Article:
Blood test

Normal potassium level in the blood

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Normal potassium level in the blood

What is the normal level of potassium in the blood?

Adults: 3.5-5.1 mEq/L
Children: 3.5-5.1 mEq/L

In the International System of Units (SI), potassium in the blood is measured in mmol/L. The valence of potassium is +1 so the numeric values are the same in mmol/L or in mEq/L.

Why normal levels can differ across different labs?

Each laboratory must establish its own normal ranges for potassium in the blood. These ranges depend on the makeup of the local population, the technologies used and the accuracy of the measurement. There may be also slight differences in the normal levels according to age, gender, race or ethnic origin, geographic region, diet, type of sample and other relevant status.

Your doctor will study the results along with your medical record, screenings, physical condition, symptoms and any other relevant information about your situation.

What is the role of potassium?

Potassium is an electrolyte found mainly in the fluid inside of cells. Only a small percentage of the body’s total potassium is available in the blood stream (2%).

Potassium is very important to maintain the electrical activity of the cells. That is essential for:

  • Conduction of nerve and muscle impulses
  • Movement of nutrients into cells
  • Movement of waste products out of cells

Potassium enters the body through diet and it is excreted primarily through urine (80%). The remaining is excreted through stool (15%) or sweat (5%).

Potassium excretion depends on the effect of aldosterone, a steroid hormone produced by the adrenal gland. If potassium level is high, the production of aldosterone in stimulated to increase the urinary potassium excretion.

What is a potassium blood test used for?

A potassium blood test is ordered for a variety of reasons:

  • To diagnoses and monitor kidney performance: If the kidneys are not working properly the level of potassium in the blood could be high because they cannot regulate the urinary potassium excretion.
  • Heart health: Potassium is essential to the proper performance of neural and muscle tissues including cardiac muscle. Potassium regulates heartbeat. Low potassium values in the blood values can lead to cardiac arrhythmias.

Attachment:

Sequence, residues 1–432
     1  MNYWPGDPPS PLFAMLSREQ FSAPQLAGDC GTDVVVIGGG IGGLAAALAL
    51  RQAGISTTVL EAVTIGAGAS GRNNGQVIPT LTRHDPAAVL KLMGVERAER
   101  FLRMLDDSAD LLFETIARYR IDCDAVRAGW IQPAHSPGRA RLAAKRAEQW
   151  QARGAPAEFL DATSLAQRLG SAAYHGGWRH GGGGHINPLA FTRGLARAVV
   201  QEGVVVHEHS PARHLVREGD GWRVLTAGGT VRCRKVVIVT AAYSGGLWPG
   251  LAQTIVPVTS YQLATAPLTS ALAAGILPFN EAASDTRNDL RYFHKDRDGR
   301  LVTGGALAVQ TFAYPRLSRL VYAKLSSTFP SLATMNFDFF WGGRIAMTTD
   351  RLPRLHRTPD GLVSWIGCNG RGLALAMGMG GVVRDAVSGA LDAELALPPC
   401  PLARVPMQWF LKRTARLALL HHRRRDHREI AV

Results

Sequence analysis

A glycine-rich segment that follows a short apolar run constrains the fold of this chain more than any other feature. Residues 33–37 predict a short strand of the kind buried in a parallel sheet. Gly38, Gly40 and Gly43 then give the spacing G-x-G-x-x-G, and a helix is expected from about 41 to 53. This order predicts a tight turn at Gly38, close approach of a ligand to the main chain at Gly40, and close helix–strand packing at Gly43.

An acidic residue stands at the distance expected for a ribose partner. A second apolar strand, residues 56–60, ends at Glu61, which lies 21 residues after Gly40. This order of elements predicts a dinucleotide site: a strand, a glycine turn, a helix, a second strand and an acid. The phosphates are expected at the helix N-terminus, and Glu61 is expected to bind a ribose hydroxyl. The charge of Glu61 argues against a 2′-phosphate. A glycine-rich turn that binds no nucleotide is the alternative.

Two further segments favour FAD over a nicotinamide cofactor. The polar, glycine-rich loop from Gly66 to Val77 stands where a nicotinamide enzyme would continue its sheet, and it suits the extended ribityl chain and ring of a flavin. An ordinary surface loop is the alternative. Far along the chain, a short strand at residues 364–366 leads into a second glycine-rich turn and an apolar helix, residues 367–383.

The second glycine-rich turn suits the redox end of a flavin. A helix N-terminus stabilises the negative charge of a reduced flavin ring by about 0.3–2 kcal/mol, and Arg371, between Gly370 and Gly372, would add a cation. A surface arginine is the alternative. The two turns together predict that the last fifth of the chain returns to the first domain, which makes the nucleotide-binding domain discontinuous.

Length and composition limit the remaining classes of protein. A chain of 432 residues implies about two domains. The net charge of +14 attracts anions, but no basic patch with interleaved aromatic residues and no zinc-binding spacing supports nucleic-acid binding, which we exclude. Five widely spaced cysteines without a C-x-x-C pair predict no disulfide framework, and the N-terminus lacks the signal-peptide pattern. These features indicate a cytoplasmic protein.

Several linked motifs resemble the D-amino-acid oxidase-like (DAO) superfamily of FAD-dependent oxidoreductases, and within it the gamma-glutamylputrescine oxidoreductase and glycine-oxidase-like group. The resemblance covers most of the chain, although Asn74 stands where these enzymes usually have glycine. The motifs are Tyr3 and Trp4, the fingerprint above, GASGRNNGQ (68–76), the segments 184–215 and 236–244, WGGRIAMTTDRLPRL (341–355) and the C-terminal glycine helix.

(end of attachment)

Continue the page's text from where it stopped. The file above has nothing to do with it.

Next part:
Causes of abnormally high levels of potassium (hyperkalemia) in the lood are:

  • Increased absorption: Dietary intake, administration of potassium-rich antibiotics, etc.
  • Decreased excretion: Hypoaldosteronism, renal insufficiency or failure, etc.

Abnormally low levels (hypokalemia) can be due to:

  • Decrease absorption: Dietary deficiency
  • Increased excretion: Hyperaldosteronism, renal tubular acidosis, diarrhea, etc.

Where can I find more information about potassium in the blood?

You can visit our pages about:

Which values are considered a normal potassium level in the blood?

The following values are considered to be normal values:

IMPORTANT: These levels are expressed in mEq/L (mmol/L). They are an example for a healthy man of about 45 years of age with no known disease, not taking any medication and with an appropriate intake of potassium in diet. The ranges can be different depending on the laboratory or on your personal circumstances.

Potassium
Status
Normality
3.5 mEq/L3.6 mEq/L3.7 mEq/L3.8 mEq/L3.9 mEq/L4 mEq/L4.1 mEq/L4.2 mEq/L
4.3 mEq/L4.4 mEq/L4.5 mEq/L4.6 mEq/L4.7 mEq/L4.8 mEq/L4.9 mEq/L5 mEq/L
5.1 mEq/L       
foto de Dr. Javier Muga Bustamante
Written by

Dr. Javier Muga Bustamante

Last update: 18/03/2020

Bibliography

  • Concise Book of Medical Laboratory Technology: Methods and Interpretations. 2nd Edition. 2015. Ramnik Sood. ISBN: 978-93-5152-333-8. Pag. 560.
  • Tietz. Fundamentals of Clinical Chemistry. Carl A. Burtis, Edward R. Ashwood, David E. Bruns, Barbara G. Sawyer. WB Saunders Company, 2008. Pag 660. ISBN: 978-0-7216-3865-2.
  • Common Terminology Criteria for Adverse Events (CTCAE). Version 5.0.Published: November 27, 2017. U.S. Department of health and human Services. Disponible en: https://ctep.cancer.gov
  • Tietz NW, ed. Clinical guide to laboratory tests, 3rd ed. Philadelphia: WB Saunders Company,1995:124pp, 502-504,562-564.
  • Matsubara A, Ichihara K, Fukutani S. Determination of reference intervals for 26 commonly measured biochemical analytes with consideration of long-term within-individual variation. Clin Chem Lab Med 2008;46:691-98.

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